When: Sat., July 1, 10 a.m.-6 p.m. and Tue., July 4, 10 a.m.-6 p.m.
Last year, the Festival for the Eno's annual two-day affair suffered some unexpected derailment. On the day the festival was supposed to announce its lineup, complete with Ani DiFranco as its top headliner, DiFranco instead announced that she was cancelling her appearance It was a tough blow for the festival and the Eno River Association, the nonprofit organization for which the Festival for the Eno serves as a major fundraising event. Though the likes of Nikki Lane and Hiss Golden Messenger filled up the bill, by mid-April it was too late to get another big name for early July to fill in for DiFranco.
Fortunately, the festival has run into no such trouble for its thirty-eighth edition this week. Brooklyn's Antibalas, which blends Afrobeat, rock, dub, funk, and more into a groovy, dance-inducing blend, takes the top slot, while Ruby Amanfu offers smoky, soulful belting, and AJ Ghent shines with bright, heartfelt blues-rock. Further down the bill, the entertainment options get even more expansive: you can get a healthy dose of salsa from Orquesta GarDel, some straight-up blues from John Dee Holeman, folk-rock from Dark Water Rising, some heavy stuff from Lud, weepy country from Blue Cactus, or get a little spiritual with The Gospel Jubilators.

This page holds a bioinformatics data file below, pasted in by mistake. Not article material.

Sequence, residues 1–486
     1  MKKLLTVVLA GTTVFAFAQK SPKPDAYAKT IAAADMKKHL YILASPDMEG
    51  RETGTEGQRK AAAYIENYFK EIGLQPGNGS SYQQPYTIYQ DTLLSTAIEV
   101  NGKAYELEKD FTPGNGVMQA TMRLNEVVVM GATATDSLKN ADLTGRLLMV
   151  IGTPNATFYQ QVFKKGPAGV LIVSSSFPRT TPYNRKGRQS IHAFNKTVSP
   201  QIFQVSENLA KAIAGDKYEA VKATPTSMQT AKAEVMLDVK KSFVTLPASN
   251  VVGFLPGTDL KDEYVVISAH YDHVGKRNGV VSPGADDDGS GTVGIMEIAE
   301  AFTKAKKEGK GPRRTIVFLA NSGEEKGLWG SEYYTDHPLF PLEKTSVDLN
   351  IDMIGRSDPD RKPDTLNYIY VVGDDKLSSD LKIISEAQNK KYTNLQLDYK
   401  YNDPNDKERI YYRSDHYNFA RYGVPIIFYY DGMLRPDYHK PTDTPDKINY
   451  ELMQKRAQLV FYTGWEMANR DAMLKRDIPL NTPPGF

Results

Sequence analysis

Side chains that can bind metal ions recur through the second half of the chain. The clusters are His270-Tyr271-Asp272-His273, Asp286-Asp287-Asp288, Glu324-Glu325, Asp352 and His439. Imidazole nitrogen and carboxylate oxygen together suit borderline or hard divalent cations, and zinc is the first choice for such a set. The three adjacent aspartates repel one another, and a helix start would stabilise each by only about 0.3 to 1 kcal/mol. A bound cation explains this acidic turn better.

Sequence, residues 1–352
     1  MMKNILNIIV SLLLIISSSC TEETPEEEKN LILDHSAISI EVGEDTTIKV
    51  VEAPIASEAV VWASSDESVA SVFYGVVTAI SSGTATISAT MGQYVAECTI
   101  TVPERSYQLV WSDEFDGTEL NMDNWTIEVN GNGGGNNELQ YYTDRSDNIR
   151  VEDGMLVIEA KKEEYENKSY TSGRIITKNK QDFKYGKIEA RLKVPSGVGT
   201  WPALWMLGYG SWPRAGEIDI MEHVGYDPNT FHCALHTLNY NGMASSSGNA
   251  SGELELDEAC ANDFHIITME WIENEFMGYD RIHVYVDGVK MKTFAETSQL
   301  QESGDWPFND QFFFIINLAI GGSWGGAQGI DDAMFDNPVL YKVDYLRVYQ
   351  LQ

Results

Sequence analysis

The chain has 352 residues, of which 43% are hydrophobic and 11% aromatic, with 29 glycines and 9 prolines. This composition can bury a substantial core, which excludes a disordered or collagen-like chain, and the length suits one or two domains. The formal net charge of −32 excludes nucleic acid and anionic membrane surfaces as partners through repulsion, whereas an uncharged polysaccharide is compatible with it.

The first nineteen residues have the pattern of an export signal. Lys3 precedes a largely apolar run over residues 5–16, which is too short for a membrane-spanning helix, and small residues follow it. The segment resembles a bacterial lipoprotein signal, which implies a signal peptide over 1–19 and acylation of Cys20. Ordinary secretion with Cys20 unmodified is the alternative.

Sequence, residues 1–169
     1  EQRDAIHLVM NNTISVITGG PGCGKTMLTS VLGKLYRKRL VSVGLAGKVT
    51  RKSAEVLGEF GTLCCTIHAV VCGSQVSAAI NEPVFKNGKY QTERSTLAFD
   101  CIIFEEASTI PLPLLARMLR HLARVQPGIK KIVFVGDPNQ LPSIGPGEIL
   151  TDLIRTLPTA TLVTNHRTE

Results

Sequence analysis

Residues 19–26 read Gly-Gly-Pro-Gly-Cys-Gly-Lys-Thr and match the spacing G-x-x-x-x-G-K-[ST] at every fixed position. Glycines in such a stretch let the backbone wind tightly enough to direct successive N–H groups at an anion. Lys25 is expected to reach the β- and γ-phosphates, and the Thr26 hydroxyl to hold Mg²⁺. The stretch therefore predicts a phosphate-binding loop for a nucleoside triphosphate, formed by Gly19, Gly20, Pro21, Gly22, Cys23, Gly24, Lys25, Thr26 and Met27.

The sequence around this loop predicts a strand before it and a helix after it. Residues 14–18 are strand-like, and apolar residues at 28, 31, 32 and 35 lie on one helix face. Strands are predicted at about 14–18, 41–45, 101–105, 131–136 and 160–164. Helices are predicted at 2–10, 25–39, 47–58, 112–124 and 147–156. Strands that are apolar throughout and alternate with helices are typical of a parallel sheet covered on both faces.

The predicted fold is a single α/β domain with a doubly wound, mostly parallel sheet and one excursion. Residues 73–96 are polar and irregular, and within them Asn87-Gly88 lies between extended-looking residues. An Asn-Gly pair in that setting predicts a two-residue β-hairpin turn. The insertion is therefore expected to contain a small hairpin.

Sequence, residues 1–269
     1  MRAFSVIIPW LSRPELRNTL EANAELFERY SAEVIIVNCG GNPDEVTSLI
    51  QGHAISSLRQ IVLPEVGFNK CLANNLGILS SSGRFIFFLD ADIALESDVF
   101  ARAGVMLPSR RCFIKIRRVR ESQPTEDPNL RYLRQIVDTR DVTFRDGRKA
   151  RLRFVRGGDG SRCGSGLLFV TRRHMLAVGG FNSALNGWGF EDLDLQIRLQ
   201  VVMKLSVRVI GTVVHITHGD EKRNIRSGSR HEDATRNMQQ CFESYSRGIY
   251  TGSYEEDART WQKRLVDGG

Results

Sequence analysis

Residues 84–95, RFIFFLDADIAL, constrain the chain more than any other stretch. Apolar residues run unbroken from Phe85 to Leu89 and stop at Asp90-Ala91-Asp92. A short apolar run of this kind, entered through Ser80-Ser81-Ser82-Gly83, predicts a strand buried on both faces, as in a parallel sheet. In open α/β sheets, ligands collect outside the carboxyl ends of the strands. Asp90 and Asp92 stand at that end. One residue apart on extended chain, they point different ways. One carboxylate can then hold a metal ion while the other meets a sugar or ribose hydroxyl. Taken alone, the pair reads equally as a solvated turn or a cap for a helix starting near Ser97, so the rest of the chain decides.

Unlike most other multiday music throwdowns, this year's festival isn't on consecutive days. Rather than running back-to-back on Saturday and Sunday, the Festival for the Eno splits itself between Saturday and Tuesday, which coincides with the Fourth of July holiday. In addition to the music and dance performances by the African American Dance Ensemble and the Apple Chill Cloggers, there are dozens of opportunities for family-friendly fun—games, crafts, and more. More than anything, the Festival for the Eno is about community, and this concentrated measure of it at the West Point will help float you through the rest of the summer. —Allison Hussey